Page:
I'm thinking of upgrading my Nikon D40, what would you suggest is the best one up from this?
4Can you provide more information about your needs? Why are you upgrading? What is your budget? What sort of photography do you do?– user456Oct 14, 2010 at 10:41
I'm upgrading as I've had my current camera for a good few years now, I'm a student so my budget has got to be quite reasonable and photography wise, I'm currently doing a course so we're doing all kinds, but I tend to look towards portrait and music photography.– Rachel Podge PorrittOct 14, 2010 at 11:49
6Increasingly we are seeing questions which are product or manufacturer related. Should we be dealing with such questions on this site? I have two points to make: 1) Forums, like DPReview, with their lively debates, are a better place to answer current questions about product selections and upgrades. 2) These questions have no enduring value. Within 6 months they are irrelevant and become just pollution in the system. I think the test here is to ask whether the question has enduring value that contributes to the body of photographic knowledge. This question does not have enduring value.– labnutOct 15, 2010 at 6:58
@labnut, open a question about that in meta.– Davy LandmanNov 15, 2010 at 8:33
Apart from the age of the camera, why are you upgrading? Depending on your specific problems with your gear (and what lenses you already have), it might be more effective to get a new lens than a new camera body — the two are obviously very interrelated.– drfrogsplatNov 25, 2010 at 1:25
Don't upgrade unless you have a specific issue with the D40 like number of pixs, burst rate e.t.c.
It's still a great camera and deserves to click until it dies.
The D90 is an excellent camera, and much less expensive now that the D7000 has been announced (and it starts shipping next week).
The D7000 has some amazing specs, but hasn't been reviewed thoroughly yet.
If you want to stay DX, I'd say those are your best bets.
You can get a pretty great upgrade for between $700 and $1200. Spend the rest of your money on new lenses!
Additionally the D7000 lost the drive-button. One of the buttons I sometimes use (fast switching to timer/single shot). See dpreview.com/previews/nikond7000/page6.asp– LeonidasNov 25, 2010 at 17:27
The D40 is already a very good camera in terms of image quality.
If you think you have reached the limits of the D40 in terms of the feature set, then waiting a little bit for the D7000 would be a good idea, but it's a lot more expensive.
Upgrading to the D3100 would also be a solution, if you are looking to do movies. You would also get an minor upgrade on image quality (low noise performance).
If you are not sure why you need to upgrade, I would suggest that would invest your money in a quality lens (instead of investing in a new body). For example, the 35mm f1.8 DX. In general lenses are better investment than bodies, because they last much longer.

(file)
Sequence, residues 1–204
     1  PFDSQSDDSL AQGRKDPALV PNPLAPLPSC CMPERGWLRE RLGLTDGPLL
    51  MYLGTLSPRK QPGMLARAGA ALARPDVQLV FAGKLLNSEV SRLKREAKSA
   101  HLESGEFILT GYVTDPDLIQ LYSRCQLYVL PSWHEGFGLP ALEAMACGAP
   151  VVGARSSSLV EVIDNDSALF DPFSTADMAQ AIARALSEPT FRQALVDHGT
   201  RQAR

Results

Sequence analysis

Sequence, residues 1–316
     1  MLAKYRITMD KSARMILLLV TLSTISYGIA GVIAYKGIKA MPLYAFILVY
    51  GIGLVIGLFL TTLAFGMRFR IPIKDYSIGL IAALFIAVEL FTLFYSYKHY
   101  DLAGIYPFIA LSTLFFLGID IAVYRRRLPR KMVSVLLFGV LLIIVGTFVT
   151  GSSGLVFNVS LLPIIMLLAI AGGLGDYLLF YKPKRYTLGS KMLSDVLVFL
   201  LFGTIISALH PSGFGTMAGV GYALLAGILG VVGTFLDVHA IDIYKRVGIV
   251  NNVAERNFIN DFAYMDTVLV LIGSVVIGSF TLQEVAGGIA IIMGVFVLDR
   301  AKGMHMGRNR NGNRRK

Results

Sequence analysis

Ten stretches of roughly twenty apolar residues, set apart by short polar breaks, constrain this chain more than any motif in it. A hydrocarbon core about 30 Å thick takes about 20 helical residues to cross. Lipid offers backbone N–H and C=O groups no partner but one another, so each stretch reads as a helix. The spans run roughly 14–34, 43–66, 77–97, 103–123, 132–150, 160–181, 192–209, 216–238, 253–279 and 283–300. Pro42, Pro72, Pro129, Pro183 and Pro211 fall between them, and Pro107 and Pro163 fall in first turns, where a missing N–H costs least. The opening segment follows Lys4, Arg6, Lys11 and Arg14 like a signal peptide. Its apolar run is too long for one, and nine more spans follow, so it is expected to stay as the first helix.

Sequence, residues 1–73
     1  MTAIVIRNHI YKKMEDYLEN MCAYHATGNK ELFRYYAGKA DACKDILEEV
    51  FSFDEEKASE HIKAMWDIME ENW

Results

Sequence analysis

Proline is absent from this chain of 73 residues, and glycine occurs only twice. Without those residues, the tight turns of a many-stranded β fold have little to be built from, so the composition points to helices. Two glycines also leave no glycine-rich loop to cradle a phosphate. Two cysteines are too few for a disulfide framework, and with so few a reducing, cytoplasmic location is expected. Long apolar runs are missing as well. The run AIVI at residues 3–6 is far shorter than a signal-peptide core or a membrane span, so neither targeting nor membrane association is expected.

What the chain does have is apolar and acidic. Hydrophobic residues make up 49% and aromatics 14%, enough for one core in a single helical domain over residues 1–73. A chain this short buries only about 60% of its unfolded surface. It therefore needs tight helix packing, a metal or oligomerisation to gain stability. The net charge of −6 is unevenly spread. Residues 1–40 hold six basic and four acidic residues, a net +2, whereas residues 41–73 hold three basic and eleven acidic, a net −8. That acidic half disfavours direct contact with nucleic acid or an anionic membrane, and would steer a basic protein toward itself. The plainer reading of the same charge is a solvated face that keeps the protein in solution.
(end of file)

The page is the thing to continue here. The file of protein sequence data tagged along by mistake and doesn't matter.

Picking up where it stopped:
The D40 is still classed as one of the best Nikons for a long time - if you don't have a particular problem with your existing one stick with it and buy some nice fast lenses instead.
If you are having issues - I tried for D5000 and went for the D90 about a year ago. Although it has now been replaced by the D7000 it is still a very good camera for your money. I am shooting a lot of portraits with my D90 and a 2nd hand 35.70mm 2.8. I am still debating myself whether to go full frame as at the moment I am very happy with the images I am getting on my D90.
Good luck :-)
We can't answer this without know what issue of limitation your are finding with your current set. Even then, it may not be the camera. A lens for example can have more impact on quality and versatility than an incremental camera upgrade.
Once you decide what you want to improve, you can start looking at different cameras and can even search for cameras based on their features. For example:
- Need to operate the camera faster? Look for one with dual control-dials.
- Need to accurately frame your shots? Look for a 100% coverage viewfinder.
- Need to shoot faster continuously? Look for higher frame rates.
- Need to shoot in the rain? Look for a weather-proof mode.
- ... The choices go on and on but they only start once you know what to improve.
In addition to the excellent advice above... I have the D40 for 3 years now. Every time I get the urge to replace it, I search flickr for D40 and see the awesome pictures that are possible with this camera. That pushes me to get better at photography and be less concerned with gear.
I was looking for a new Nikon not so long ago. When I was looking the range included:
All of which have been discontinued and will soon be replaced. This may mean that you can get them cheaper (though stock is running out of certain models).
Personally I found the D3000 to basic so I was stuck how to choose between the D90 and D5000.
I went for the D5000 and have been really happy with it. The only downside is the lack of motor in the body meaning more expensive lenses.
The Nikon D7000 is a hell of a camera, and the way to go if you're willing to get a more advanced camera, but micro 4/3 cameras (Panasonic GF1 or Olympus PEN) could be an interesting alternative (depending on how you use the camera): great image quality, small size and interchangeable lenses.